Novel stem cell technique helps patients avoid total hip replacement

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Jeanne Mitterando, 46, is a very active family medicine doctor— she hikes, skis and works out with a personal trainer. But all that stopped after she was hospitalized for asthma and given high-dose steroids for a month.

The Martinsville, New Jersey woman began experiencing pain in her right hip and soon needed a cane to walk.

“I was [doing rounds] at the hospital, but slowly, walking became a problem,” she told “I couldn’t do stairs anymore.”

Soon, the pain moved into her left hip and she was diagnosed with avascular necrosis, where the bone dies in the femoral head, the highest part of the thigh bone. The condition accounts for 15 percent of all total hip replacements performed every year in the U.S.

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But Mitterando didn’t want a hip replacement.

“If I’m active and using a hip replacement, I’m going to need new ones,” she said. “So every time you get a new hip, the integrity of the joint is lost; there’s more of a chance of rejection.”

Mitterando found Dr. Thomas Einhorn, an orthopedic surgeon at NYU Langone Medical Center, whose taking a different approach by using patient’s stem cells.

“[The stem cells] will become bone-forming cells as they attach to the dead bone and eventually the dead bone will be removed and replaced with live bone,” Einhorn told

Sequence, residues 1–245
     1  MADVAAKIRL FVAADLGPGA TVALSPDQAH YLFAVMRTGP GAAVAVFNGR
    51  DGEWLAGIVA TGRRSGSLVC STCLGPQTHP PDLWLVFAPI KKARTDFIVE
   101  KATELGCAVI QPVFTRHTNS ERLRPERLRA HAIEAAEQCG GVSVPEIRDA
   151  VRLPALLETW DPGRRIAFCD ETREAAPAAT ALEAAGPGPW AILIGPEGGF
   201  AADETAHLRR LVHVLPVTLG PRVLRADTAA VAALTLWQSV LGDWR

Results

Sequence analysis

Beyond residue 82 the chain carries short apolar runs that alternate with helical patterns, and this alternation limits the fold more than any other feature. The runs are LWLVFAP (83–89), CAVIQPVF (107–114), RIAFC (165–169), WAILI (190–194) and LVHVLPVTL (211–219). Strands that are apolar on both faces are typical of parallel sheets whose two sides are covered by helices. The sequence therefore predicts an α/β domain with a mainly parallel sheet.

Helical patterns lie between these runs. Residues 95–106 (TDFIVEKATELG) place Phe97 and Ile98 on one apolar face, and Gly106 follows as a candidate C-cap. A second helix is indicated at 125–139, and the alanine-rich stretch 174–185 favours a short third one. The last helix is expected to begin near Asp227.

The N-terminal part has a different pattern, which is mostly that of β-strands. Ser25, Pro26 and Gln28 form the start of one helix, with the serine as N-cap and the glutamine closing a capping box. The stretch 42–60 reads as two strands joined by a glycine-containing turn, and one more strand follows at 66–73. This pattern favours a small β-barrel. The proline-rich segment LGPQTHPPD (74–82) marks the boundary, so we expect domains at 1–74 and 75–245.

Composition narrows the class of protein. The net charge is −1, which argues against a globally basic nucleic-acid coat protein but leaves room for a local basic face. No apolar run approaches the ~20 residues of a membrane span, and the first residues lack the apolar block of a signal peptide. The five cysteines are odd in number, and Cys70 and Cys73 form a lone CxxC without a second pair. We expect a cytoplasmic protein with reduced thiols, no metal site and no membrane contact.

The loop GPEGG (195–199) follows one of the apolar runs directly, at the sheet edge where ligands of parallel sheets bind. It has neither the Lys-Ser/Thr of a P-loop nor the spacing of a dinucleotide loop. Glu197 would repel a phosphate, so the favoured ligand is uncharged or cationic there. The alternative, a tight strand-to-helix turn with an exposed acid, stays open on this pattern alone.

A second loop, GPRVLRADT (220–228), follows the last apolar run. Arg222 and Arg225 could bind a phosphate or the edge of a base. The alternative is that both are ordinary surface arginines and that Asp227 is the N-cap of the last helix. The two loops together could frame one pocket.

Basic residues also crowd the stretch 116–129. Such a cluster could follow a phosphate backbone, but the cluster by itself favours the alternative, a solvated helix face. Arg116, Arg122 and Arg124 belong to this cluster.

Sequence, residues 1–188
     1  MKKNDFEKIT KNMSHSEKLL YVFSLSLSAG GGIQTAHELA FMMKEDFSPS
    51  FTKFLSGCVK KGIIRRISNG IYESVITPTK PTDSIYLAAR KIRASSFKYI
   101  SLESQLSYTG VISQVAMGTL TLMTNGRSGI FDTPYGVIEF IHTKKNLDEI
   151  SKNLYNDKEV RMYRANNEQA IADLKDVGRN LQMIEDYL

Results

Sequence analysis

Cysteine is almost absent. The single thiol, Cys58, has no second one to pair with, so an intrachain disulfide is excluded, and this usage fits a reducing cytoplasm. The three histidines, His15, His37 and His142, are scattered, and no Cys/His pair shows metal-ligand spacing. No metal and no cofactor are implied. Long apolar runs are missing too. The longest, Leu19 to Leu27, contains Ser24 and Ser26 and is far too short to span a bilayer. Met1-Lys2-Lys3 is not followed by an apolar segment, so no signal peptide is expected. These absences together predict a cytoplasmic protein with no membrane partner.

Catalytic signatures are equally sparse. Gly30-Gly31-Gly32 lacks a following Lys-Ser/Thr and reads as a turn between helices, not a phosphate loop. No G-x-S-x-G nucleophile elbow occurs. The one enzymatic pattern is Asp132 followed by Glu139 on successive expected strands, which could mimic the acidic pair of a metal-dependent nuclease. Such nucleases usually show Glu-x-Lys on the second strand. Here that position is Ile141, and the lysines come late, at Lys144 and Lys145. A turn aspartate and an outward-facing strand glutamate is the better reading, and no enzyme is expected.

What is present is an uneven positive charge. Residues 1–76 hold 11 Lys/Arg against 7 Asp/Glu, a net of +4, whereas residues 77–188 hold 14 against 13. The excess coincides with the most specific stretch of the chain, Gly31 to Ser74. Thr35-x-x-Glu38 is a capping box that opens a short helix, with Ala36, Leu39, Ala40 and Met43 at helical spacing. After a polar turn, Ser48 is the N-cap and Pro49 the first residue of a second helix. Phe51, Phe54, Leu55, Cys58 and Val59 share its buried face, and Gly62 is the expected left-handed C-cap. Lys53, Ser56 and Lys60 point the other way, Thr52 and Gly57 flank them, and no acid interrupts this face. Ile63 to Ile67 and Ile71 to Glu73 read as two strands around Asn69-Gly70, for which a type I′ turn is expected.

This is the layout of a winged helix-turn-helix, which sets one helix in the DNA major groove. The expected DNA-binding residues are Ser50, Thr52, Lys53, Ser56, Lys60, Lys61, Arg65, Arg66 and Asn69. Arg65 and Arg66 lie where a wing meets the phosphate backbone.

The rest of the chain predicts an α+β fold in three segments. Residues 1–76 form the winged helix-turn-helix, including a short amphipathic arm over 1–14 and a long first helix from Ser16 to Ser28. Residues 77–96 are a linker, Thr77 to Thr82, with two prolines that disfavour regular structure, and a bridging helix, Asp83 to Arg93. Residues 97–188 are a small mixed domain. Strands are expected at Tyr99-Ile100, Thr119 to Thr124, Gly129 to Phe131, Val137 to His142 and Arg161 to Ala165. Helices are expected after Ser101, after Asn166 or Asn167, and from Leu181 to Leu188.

In about one hour per hip, Einhorn can do the procedure on both hips at the same time. First, he extracts bone marrow from the patient’s femur. Then he transfers the marrow to a device that concentrates the cells. Finally, he drills out some of the dead bone and injects the stem cells into that area.

Patients who don’t experience a collapse in their femoral head don’t need a hip replacement and this technique can show meaningful change, he said.

“Our results are about 65 percent successful and a lot of people will say, ‘Wow, that’s great.’ I want it to be greater than that,” Einhorn added.

Post-op patients are able to walk immediately, but Einhorn advises using a cane for six weeks to prevent falling.

Six months after the procedure, Mitterando is back on track, swimming, hiking, doing pilates and yoga.

“It’s a miracle for me,” she said. “I can take care of myself. There’s really not much I can’t do as far as day-to-day activities right now.”

Einhorn is also using the method, which is covered by insurance, for knees and shoulders with similar success.

For more information visit and Dr. Einhorn’s website.